In February 2021, Russia denied that the non-delivery of the MiG-29K carrier-based aircraft caused the delay in transferring the latest aircraft carrier Vikrant to the Indian Navy. Moscow said it had not received an application from New Delhi to supply aircraft. TASS reported this with reference to a source in the aircraft industry. According to the news agency, Russia previously provided India with all the necessary information on a possible contract to supply a batch of MiG-29K carrier-based fighters for the newest Indian aircraft carrier Vikrant but has not yet received a response. In addition, India has not even issued a tender appeal for the supply of carrier-based fighters.
The Russian source was responding to the comments by MoS for Defence Shripad Naik that the transfer of the Vikranta aircraft carrier to the Indian Navy would be delayed due to “a delay in the delivery of aircraft from Russia.”
It is known that the Mig-29K’s are facing maintenance problems.
India is developing its Twin Engine Deck-Based Fighter Aircraft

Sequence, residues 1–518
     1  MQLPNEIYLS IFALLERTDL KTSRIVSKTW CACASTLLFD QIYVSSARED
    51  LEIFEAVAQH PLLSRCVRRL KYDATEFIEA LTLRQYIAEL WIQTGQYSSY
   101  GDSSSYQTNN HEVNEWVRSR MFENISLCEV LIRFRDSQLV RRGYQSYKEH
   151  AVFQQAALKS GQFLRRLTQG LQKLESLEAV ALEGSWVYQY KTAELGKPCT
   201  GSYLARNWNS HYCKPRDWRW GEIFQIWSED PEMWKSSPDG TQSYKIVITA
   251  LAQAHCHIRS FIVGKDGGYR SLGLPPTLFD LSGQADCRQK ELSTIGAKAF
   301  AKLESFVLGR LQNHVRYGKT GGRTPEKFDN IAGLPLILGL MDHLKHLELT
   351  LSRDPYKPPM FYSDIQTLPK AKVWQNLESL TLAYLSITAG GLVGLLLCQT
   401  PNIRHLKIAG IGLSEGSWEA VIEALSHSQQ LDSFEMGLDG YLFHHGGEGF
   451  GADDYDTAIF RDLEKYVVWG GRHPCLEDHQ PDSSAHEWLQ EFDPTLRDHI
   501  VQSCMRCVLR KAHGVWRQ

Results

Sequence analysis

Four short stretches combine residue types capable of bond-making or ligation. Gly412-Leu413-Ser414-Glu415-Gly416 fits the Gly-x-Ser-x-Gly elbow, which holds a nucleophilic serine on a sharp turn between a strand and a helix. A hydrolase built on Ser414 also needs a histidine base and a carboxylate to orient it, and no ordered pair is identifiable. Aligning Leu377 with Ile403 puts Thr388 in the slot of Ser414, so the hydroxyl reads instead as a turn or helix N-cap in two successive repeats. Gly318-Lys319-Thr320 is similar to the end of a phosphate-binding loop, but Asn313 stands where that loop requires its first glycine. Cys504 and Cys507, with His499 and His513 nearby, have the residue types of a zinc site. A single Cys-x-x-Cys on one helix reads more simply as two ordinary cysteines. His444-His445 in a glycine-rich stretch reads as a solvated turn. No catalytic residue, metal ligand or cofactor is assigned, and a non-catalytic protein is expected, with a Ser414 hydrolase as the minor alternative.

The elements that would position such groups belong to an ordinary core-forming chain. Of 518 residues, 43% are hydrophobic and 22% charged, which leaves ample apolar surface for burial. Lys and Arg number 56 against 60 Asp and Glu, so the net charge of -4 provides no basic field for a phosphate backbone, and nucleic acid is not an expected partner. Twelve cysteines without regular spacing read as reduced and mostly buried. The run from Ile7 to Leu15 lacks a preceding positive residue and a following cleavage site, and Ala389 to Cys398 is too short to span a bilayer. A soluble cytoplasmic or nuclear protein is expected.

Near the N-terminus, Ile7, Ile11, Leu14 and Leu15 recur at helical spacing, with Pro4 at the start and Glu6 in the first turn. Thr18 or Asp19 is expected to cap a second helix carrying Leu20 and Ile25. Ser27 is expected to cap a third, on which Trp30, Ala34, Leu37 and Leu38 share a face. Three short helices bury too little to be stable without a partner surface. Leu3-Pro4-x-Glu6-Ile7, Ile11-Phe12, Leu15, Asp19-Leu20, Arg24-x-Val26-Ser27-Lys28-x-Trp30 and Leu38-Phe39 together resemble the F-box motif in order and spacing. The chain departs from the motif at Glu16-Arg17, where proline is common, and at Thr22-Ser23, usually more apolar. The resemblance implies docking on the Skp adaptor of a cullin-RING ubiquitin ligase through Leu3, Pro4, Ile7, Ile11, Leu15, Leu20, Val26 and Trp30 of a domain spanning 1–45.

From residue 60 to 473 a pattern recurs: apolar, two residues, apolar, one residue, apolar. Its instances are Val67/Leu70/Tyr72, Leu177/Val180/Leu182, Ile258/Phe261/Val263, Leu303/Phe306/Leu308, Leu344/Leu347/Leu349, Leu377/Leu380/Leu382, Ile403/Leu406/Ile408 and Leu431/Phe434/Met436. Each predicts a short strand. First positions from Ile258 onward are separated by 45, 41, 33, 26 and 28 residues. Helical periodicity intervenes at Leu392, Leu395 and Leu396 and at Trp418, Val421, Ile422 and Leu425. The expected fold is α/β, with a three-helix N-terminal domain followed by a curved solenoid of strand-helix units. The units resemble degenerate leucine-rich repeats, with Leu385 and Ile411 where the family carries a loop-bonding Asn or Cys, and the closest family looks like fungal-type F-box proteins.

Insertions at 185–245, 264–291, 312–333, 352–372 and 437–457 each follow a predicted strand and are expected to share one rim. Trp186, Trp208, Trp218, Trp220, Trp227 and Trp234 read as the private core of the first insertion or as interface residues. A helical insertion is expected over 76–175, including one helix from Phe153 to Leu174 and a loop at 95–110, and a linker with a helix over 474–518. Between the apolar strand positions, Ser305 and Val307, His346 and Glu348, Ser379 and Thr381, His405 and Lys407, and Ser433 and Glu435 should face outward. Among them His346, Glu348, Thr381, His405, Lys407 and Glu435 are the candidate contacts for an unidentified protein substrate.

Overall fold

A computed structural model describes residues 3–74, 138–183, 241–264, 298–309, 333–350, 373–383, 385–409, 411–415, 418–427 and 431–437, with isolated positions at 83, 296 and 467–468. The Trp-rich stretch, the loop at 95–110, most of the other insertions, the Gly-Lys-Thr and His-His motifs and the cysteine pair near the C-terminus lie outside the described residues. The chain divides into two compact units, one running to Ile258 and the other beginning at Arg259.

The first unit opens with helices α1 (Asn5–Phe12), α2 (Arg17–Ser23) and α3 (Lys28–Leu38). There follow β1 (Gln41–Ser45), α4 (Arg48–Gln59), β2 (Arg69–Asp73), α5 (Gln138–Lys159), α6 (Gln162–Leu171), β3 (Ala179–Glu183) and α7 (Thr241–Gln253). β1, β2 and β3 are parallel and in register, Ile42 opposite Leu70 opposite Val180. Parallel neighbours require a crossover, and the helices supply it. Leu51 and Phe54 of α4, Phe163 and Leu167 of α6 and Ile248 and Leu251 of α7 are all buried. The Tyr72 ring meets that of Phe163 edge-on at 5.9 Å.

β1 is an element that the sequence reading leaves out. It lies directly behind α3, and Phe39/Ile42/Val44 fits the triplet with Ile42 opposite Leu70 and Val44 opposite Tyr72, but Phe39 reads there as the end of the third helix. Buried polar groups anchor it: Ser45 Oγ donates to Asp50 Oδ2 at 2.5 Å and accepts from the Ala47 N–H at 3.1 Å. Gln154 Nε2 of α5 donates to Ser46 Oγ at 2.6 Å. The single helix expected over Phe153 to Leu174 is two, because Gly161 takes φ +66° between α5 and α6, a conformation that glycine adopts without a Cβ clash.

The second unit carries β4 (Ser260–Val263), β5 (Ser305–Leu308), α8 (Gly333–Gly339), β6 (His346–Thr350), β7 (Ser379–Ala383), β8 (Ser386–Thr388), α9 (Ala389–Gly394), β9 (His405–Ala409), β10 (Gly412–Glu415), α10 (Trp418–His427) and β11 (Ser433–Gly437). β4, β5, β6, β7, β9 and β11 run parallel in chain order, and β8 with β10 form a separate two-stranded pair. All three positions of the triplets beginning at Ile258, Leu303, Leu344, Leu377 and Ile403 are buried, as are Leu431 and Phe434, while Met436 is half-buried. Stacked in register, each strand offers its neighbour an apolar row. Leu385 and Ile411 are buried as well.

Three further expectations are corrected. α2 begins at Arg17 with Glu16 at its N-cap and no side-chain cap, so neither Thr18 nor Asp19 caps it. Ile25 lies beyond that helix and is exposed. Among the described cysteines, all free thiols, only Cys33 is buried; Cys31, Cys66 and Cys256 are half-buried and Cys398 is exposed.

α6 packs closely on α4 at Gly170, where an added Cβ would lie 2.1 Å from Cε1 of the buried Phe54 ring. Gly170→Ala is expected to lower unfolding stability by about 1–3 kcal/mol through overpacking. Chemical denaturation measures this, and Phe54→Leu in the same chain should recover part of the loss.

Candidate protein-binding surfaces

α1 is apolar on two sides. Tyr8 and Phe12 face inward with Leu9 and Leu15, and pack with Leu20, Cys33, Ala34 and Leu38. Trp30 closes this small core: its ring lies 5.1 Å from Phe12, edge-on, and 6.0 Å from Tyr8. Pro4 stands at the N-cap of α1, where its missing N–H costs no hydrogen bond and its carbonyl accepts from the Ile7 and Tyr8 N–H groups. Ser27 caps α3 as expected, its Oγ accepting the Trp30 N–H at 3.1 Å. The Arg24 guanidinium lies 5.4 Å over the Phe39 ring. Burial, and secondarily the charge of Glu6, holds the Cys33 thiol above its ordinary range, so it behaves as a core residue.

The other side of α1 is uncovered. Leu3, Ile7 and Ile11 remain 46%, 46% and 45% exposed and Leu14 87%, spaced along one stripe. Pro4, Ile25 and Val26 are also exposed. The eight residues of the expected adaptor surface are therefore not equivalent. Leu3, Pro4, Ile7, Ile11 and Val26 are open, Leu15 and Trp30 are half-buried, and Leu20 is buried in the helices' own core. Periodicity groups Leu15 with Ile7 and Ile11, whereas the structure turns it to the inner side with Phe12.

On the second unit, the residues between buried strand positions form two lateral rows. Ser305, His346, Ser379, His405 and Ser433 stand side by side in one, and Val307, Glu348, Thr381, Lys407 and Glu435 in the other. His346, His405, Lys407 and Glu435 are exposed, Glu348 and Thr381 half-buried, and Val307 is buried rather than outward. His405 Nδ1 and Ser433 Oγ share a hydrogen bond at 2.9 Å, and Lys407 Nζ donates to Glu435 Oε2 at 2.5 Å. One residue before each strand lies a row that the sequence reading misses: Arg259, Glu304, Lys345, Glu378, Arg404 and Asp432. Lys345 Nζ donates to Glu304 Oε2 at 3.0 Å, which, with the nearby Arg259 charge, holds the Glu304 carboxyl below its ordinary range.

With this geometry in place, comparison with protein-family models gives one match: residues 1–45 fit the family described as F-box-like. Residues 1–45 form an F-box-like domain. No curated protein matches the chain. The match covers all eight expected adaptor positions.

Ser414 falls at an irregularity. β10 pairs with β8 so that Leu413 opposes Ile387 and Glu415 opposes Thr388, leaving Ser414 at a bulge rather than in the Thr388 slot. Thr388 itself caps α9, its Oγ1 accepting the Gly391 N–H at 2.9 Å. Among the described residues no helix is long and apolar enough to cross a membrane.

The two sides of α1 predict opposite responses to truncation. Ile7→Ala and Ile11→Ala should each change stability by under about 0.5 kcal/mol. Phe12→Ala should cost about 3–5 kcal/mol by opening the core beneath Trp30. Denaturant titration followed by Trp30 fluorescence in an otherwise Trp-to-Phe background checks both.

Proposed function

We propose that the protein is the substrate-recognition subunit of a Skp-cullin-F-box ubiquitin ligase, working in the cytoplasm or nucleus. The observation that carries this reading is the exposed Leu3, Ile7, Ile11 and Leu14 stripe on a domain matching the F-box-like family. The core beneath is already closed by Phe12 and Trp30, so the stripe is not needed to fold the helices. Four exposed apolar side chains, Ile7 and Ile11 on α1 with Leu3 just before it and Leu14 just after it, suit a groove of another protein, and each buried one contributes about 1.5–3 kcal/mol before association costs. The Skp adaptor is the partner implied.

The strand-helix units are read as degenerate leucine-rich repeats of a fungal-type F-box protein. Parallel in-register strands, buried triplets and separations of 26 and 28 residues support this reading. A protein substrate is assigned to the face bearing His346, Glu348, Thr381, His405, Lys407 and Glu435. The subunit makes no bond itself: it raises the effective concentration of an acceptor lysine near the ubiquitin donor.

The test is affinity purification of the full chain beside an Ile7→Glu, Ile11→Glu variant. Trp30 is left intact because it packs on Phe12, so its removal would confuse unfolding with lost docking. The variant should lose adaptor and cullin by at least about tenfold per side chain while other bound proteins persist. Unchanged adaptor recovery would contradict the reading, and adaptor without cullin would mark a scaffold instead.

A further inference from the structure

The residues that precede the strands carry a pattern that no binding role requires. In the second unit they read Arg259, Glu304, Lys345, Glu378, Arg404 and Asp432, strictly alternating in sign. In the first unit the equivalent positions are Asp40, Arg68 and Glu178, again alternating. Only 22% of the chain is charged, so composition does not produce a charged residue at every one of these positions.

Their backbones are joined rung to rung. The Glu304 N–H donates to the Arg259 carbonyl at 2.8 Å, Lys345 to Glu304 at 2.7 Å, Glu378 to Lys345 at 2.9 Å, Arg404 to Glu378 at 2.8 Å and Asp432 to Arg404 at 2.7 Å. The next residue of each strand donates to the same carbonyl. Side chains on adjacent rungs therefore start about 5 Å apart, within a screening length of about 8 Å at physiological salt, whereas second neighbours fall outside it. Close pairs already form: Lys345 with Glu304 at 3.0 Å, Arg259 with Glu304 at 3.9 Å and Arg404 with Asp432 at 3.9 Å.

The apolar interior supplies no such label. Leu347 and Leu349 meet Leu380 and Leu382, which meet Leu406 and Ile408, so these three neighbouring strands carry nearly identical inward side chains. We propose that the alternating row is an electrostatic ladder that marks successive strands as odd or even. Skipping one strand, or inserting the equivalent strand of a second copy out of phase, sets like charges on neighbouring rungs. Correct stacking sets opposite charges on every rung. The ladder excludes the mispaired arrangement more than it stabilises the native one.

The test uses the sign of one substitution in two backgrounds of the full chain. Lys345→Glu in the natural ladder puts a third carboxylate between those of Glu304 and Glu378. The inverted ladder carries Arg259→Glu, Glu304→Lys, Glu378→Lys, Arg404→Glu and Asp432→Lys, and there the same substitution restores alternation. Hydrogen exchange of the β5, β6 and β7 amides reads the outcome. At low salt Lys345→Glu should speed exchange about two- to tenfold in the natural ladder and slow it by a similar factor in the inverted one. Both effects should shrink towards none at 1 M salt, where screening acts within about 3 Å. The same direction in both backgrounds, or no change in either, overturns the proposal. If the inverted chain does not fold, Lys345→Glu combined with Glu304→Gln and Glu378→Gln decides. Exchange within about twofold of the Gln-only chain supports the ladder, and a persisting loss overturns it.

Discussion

The Indian Navy is currently testing a pair of Naval LCA’s (N-LCA) as a precursor to the upcoming project, the Twin Engine Deck-Based Fighter (TEDBF).
As per the information available, the TEDBF will have a maximum take-off weight of 26 tons with a length of 16.2 meters. The aircraft will be designed as per the “canard” aerodynamic configuration. It will receive a folding wing. The U.S. GE F414 INS6 turbofan engine is planned to be installed on the aircraft. For the suspension of weapons, 11 pylons will be installed on the aircraft: two on the wingtips, six under the wing, two on the fuselage sides, and one under it.
It is planned that the carrier-based combat aircraft will be able to fly at speeds up to Mach 1.6. Several stealth technologies will be used in the design of the carrier-based fighter.
As mentioned before, another light carrier-based fighter, Tejas Navy, is being developed in India. Tejas Navy differs from the air force version of the aircraft. It has a two-seater cockpit, reinforced landing gear struts and a landing hook, with the help of which it engages with the air arrestor.